Ball Bearings and Roller Bearings: The Differences

Ball bearings and roller bearings look and function similarly to one another. Despite this, there are many differences in the way each type of bearing is used. In this blog, we will discuss the differences between ball and roller bearings.

Before dissecting the differences between ball bearings and roller bearings, let’s look at why bearings are needed. Shafts are used to transmit power from one point to another. For instance, one end of a shaft is connected to a motor and the other end is connected to a belt or some other component to which you want to transfer power. Because of this movement, the shaft is under different axial and radial loads. These loads could result in possible deflection, both up and down, and jerking of the shaft while moving. These motions create vibrations that can prevent load transfer from occurring properly. To resolve this issue, a continuously moving support is needed. Bearings serve as this support.  

A bearing is a machine part that supports the machine element and allows relative motion between the contact surfaces of the members while carrying a load. Nearly all types of bearings consist of the same basic parts: a set of rolling elements fitted between an inner and outer ring. This arrangement allows the bearings to absorb a load during operation. The bearing will either rotate or roll when a radial load is applied, and bearings are often used to withstand axial/thrust loads as well. If the load is perpendicular to the axis, it is a radial load. If the load is parallel to the axis of the rotating shaft, it is an axial or thrust load. Having been in use for a long time, bearings have evolved over the years into many different types depending on the requirements of an operation.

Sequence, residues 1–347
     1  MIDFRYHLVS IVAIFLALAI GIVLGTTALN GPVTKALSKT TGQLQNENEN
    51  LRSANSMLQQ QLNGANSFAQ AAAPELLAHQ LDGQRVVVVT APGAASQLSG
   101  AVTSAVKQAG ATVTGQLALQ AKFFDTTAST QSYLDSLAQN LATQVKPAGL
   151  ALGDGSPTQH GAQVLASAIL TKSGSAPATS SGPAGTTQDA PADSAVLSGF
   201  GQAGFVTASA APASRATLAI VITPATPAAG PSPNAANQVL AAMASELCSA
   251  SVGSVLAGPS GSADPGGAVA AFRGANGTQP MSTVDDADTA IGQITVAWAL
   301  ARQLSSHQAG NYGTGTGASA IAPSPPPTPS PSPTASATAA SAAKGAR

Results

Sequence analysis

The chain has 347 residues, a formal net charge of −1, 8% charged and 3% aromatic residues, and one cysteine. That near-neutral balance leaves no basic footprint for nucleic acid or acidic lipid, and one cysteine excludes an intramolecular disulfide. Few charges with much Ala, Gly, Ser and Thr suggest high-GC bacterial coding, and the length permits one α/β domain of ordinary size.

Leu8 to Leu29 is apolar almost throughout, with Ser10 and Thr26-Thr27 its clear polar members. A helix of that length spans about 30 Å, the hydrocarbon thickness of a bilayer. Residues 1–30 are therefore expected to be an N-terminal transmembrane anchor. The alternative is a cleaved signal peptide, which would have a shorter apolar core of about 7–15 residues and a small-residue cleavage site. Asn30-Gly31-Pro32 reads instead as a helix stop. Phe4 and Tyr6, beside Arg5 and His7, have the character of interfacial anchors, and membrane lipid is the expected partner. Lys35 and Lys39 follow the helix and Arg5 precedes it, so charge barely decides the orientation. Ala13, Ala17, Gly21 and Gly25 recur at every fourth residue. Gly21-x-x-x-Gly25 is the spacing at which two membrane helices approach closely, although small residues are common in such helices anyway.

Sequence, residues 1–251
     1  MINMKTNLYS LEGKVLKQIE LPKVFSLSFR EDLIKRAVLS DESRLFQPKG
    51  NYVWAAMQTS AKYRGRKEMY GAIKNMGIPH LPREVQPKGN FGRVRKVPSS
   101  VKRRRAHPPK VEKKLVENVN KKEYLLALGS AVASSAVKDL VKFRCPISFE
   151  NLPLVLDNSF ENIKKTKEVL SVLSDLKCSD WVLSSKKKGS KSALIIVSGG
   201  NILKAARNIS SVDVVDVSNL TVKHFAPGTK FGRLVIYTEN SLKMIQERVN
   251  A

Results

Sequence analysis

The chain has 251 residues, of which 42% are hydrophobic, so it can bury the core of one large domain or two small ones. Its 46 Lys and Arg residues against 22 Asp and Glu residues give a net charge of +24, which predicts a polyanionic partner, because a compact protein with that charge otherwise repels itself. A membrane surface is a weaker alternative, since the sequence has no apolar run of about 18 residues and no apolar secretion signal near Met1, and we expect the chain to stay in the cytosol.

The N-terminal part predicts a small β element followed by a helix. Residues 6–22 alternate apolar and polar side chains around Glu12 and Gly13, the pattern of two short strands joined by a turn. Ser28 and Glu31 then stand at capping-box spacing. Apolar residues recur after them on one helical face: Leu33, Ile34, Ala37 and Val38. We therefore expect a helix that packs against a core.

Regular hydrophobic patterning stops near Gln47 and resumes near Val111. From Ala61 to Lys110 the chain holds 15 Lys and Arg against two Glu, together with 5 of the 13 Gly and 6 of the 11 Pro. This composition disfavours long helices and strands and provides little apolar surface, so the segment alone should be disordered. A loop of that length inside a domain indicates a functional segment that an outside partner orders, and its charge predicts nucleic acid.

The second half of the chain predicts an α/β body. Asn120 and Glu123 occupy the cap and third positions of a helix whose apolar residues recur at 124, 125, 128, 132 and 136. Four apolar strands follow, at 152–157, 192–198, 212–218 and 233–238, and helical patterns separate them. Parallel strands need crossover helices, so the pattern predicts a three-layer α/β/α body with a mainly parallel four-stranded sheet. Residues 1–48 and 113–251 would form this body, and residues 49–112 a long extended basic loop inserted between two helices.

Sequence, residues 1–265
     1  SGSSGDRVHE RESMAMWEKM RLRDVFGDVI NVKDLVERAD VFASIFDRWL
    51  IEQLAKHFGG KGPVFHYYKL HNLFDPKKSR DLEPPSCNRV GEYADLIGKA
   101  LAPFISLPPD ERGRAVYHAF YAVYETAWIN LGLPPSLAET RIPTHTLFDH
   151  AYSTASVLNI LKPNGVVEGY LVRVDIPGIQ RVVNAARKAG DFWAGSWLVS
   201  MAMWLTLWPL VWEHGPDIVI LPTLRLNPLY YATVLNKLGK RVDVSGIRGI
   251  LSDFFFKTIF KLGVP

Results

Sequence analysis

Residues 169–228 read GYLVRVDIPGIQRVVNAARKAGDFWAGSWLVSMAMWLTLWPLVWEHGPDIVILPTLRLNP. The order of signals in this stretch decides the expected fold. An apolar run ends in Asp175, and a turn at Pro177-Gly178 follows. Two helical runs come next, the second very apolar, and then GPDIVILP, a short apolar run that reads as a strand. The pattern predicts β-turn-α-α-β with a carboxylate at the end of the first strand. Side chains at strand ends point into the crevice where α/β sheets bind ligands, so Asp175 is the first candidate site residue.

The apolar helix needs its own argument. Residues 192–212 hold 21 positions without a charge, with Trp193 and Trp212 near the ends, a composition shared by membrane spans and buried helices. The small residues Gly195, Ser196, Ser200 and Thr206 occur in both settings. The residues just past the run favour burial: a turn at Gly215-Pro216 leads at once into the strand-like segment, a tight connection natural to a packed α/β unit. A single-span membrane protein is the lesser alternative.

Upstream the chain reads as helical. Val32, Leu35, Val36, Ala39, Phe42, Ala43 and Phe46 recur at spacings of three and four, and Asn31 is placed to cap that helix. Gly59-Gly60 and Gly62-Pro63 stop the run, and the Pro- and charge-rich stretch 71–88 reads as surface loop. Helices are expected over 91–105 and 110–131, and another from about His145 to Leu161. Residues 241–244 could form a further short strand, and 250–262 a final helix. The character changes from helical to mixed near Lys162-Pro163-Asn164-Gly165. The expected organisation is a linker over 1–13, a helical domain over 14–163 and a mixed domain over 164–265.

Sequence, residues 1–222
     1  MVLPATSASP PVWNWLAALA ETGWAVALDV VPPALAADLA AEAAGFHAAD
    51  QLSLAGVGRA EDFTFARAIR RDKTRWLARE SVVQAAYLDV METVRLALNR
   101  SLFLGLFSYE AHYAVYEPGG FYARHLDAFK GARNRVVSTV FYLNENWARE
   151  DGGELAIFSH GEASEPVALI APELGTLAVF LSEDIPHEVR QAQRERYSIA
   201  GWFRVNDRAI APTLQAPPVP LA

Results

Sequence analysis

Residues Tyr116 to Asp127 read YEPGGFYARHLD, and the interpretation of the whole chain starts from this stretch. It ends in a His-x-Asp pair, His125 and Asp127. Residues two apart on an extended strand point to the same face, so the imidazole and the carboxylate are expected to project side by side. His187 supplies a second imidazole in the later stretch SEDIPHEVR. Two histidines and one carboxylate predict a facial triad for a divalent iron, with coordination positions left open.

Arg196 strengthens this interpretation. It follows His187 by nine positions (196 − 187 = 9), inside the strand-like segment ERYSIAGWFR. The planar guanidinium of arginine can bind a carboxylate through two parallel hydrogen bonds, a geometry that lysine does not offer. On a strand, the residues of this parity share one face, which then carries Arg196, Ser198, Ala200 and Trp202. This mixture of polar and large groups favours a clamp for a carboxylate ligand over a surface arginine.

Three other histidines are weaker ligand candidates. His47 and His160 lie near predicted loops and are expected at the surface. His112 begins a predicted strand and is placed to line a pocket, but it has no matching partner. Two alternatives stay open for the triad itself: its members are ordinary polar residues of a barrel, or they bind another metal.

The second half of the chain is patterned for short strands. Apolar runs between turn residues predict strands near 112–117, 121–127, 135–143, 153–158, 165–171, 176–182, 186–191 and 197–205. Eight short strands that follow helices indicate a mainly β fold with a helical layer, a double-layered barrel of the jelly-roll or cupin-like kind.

Now let’s look at the difference between the two types. Bearings have three main components: the bearing rings, the rolling elements, and the cage. If the rolling element is spherical balls, they are considered ball bearings. Ball bearings are commonly used in small wheels at higher speeds and lighter loads. They are standardized and sold as assemblies. In roller bearings, the roller element is a cylindrical roller that makes a line contact as opposed to a point contact. They can take on heavier loads and shocks than ball bearings, and are generally disassembled and replaced in parts. Roller bearings are also more sensitive to angular misalignment. In summary, there are five main difference between ball and roller bearings:
  1. Ball bearing rolling elements use point contact, while those of roller bearings use line contact.
  2. Ball bearings are ideal for high speeds and light loads, while roller bearings are better for shock and impact loading.
  3. Ball bearings are often sold as assemblies, while roller bearings are sold disassembled.
  4. Ball bearings are mostly standardized, while roller bearings differ from vendor to vendor.
  5. Ball bearings are susceptible to fatigue and spalling, while roller bearings are more susceptible to angular misalignment.


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